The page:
Sure, public opinion is still against serious efforts to legalize or decriminalize recreational marijuana. But public opinion on the issue is partially shaped by the fact that few prominent politicians have made the case for legal pot. No presidential nominee for either major party has entertained the idea, and the efforts by liberals and libertarians on behalf of legalization has been dismissed as politically dangerous by the leadership of both parties.
Almost as significant is the lack of intensity against marijuana, even among those who maintain reservations about its legalization. Like gay marriage, decriminalization is not likely a wedge issue that will largely benefit the status quo. Those who are most inspired by the issue are the supporters of expanded civil liberties. So it's not surprising that California Democrats are starting to visualize the benefit of the debate:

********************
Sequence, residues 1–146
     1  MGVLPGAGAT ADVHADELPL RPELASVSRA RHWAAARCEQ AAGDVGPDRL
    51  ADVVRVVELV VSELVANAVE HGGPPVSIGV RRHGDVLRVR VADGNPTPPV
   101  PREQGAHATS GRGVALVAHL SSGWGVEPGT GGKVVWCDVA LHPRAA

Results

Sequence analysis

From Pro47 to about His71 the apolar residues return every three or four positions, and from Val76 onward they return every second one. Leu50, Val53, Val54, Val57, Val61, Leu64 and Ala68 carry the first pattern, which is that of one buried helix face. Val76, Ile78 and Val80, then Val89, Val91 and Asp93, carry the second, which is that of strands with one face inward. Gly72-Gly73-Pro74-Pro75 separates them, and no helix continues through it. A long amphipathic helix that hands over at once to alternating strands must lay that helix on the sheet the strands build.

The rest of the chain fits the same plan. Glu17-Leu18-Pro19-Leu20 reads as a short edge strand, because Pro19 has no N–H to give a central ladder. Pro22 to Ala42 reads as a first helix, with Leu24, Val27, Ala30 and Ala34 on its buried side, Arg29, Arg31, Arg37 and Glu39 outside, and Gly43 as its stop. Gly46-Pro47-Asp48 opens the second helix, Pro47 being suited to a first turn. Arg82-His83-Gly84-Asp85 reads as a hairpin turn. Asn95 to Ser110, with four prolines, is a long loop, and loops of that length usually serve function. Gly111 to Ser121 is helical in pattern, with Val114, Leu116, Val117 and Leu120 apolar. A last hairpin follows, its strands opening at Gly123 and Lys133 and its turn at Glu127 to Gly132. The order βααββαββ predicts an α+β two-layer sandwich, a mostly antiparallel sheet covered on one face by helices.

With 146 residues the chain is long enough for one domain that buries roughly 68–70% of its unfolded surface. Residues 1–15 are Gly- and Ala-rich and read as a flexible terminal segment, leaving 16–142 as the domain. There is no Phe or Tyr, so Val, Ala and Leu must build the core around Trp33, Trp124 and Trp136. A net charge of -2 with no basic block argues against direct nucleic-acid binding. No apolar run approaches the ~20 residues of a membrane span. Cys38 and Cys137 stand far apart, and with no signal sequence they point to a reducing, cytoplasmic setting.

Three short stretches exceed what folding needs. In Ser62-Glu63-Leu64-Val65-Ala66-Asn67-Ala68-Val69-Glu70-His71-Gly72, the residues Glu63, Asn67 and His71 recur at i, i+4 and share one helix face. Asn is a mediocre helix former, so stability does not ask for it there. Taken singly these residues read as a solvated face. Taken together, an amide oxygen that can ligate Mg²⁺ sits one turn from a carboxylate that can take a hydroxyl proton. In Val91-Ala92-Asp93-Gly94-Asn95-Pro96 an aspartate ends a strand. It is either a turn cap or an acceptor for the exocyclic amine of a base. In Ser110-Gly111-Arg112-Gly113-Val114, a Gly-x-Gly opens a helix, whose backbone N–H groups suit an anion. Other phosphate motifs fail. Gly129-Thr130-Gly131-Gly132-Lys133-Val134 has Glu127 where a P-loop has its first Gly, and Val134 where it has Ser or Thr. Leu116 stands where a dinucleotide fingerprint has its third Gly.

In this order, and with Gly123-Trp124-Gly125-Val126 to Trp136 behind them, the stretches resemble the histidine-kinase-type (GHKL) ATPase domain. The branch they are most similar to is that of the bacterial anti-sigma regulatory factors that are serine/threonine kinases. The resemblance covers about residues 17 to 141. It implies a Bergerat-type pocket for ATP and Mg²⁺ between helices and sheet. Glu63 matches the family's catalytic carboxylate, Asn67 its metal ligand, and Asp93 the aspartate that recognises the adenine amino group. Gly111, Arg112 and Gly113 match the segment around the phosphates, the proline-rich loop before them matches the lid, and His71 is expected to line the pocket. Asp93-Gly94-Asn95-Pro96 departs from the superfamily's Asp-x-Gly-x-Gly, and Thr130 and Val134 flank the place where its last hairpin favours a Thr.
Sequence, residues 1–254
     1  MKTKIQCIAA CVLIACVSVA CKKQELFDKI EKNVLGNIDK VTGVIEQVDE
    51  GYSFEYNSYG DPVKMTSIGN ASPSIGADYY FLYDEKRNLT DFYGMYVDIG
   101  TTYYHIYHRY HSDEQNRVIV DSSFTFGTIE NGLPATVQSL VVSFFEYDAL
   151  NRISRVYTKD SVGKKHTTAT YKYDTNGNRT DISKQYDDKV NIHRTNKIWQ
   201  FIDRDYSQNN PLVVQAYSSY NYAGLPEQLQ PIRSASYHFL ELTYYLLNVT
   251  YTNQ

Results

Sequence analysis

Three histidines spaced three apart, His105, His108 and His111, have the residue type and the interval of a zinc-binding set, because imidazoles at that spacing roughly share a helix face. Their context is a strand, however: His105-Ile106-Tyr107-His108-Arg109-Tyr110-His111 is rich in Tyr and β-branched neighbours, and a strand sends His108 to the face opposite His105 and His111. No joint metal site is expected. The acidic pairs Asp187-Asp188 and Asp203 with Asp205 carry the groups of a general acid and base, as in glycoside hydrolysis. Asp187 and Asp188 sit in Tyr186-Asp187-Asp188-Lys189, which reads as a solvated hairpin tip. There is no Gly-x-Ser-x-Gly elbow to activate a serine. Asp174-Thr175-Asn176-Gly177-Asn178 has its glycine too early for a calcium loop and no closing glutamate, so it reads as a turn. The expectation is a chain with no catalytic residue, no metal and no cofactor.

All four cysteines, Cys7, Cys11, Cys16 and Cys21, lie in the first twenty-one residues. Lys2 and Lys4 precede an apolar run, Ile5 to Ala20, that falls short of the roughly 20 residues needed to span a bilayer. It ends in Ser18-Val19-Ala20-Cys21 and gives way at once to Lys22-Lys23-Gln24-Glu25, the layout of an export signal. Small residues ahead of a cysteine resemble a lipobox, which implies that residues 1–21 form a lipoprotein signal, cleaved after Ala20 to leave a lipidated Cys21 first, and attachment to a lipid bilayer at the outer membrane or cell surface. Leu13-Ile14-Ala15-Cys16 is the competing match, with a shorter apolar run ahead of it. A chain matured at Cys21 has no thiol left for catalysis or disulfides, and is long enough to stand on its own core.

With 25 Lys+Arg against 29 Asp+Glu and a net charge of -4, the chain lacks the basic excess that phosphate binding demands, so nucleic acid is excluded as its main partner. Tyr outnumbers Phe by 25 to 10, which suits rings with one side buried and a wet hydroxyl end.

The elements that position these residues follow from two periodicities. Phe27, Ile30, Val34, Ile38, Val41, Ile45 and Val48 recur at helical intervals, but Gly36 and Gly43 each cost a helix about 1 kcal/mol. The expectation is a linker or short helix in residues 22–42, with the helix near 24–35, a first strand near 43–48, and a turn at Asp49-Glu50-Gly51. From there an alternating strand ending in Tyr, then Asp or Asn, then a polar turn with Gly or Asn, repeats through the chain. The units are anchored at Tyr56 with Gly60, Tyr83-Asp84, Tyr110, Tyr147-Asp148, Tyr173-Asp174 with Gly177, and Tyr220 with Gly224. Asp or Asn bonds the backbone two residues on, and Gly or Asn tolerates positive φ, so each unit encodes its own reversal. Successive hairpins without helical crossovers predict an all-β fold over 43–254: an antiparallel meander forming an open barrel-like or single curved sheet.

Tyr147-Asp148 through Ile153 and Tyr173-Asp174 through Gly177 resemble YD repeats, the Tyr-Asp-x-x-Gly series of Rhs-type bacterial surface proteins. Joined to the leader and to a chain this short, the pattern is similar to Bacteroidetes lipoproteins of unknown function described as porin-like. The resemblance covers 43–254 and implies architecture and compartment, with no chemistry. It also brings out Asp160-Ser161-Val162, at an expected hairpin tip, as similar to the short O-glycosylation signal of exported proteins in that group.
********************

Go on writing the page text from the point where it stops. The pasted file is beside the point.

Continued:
Seizing on new independent polling data, proponents of Proposition 19 - the Golden State ballot measure that would make possessing and growing marijuana legal - argue the measure is going to drive younger-voter turnout in such a way that it will benefit the Democrats statewide, from gubernatorial retread Jerry Brown to Sen. Barbara Boxer.
This is the fight Ben Masel hopes to bring to Wisconsin. Sconnie voters, at large, probably would not receive legalization as well as California voters, who have been witness to de facto legalization for years now. However, I would bet that an MJ ballot initiative would boost youth turnout significantly, and if it were put in medical terms, the opposition would be rather weak.